HC Deb 25 July 1963 vol 681 cc1774-5
Q5. Mr. G. M. Thomson

asked the Prime Minister what recent representations he has received concerning Government policy for the jute industry; and what reply he has made.

The Prime Minister

I was informed of the views held by the industry at an early stage of its discussions with the Board of Trade. I was able to reply that the progress of the negotiations would remove any grounds for the industry to fear that those would, for the next year at least, be any decline in the measure of protection for the vast bulk of the goods it produces.

Mr. Thomson

Is the Prime Minister aware that the proposals put forward threaten thousands of jobs in this industry; and that he himself has caused grave confusion and uncertainty by making a statement on this matter to his hon. Friend the Member for South Angus (Sir J. Duncan) which was quite different from what the Minister of State, Board of Trade was at the same time saying confidentially to the industry in Dundee? Will he therefore give an assurance that the Government will not take any action to make any changes in the present structure of protection in the industry until there has been a full-scale inquiry into the industry?

The Prime Minister

There are two points there. I do not think that there was anything inconsistent between what I said and the plan being discussed. As to a full inquiry, consultations are going on on this very point.

Mr. Jay

As this gratuitous intervention by the Board of Trade may, in the opinion of those best informed in Dundee, threaten the city with the worst unemployment crisis for 20 years, will not the Prime Minister, if he wants the Government's policy on Scotland to be taken seriously, now invite the Board of Trade to abandon these proposals, and reconsider the whole matter?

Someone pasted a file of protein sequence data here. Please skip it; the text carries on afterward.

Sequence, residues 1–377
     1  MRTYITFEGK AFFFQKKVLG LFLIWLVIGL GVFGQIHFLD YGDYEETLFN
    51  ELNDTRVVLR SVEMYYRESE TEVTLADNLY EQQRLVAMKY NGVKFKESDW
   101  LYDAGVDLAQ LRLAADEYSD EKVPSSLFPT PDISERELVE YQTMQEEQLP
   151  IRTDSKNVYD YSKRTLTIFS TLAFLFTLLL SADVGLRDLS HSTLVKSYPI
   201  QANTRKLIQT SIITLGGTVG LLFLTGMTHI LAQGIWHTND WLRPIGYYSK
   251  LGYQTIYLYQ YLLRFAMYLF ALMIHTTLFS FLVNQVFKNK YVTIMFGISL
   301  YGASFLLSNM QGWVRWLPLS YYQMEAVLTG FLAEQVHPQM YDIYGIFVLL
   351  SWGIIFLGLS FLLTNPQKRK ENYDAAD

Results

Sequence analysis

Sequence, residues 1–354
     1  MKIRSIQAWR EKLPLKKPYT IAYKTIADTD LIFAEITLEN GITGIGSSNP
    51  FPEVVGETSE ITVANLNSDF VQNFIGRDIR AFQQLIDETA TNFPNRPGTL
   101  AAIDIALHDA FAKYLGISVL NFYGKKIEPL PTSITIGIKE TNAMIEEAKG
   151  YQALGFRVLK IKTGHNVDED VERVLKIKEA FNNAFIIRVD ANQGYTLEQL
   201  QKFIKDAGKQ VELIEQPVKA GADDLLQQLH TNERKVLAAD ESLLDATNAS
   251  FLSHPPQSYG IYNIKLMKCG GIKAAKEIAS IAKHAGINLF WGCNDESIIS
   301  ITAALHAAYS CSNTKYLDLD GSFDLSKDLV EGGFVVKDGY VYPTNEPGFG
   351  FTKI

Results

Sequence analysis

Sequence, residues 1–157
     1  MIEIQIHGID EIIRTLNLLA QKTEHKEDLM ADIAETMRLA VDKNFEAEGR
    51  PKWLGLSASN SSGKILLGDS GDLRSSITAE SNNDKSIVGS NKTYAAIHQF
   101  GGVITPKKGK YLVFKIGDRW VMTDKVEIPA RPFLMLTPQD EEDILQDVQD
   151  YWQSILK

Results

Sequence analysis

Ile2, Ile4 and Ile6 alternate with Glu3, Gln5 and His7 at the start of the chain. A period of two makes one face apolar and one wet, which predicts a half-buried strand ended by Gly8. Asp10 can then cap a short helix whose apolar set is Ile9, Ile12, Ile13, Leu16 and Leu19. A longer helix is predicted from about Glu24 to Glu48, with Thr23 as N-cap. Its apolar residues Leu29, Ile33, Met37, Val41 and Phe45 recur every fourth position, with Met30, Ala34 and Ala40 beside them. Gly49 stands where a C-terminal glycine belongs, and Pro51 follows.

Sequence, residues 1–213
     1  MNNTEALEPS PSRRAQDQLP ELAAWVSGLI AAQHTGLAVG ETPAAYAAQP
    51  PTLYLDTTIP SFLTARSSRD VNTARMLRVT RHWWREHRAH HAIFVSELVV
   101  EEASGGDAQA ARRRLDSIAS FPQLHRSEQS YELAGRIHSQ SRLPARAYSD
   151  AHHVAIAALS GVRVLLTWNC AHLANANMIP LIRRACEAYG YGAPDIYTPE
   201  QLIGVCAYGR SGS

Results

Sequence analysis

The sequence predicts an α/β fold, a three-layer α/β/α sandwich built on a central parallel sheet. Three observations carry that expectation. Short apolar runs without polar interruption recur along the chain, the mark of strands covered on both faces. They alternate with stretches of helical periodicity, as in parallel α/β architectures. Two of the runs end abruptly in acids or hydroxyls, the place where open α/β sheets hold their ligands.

The Prime Minister

I think that by far the best thing is for the consultations and discussions that are now going on to proceed.

Mr. Ross

Will not the right hon. Gentleman give more thought to this subject, as it is so serious as to merit reconsideration and withdrawal of the existing proposals? Will he look at the report in Hansard of the debate that took place at about three o'clock this morning, and pay some attention to the speech delivered by the vice-chairman of the Unionist and Conservative Party in Scotland, which expressed very considerable concern and distress at the wayward policies of the Government in respect of Dundee and jute?

The Prime Minister

I have looked at that and, in fact, these consultations are going on, and I think it better to leave it there for the moment.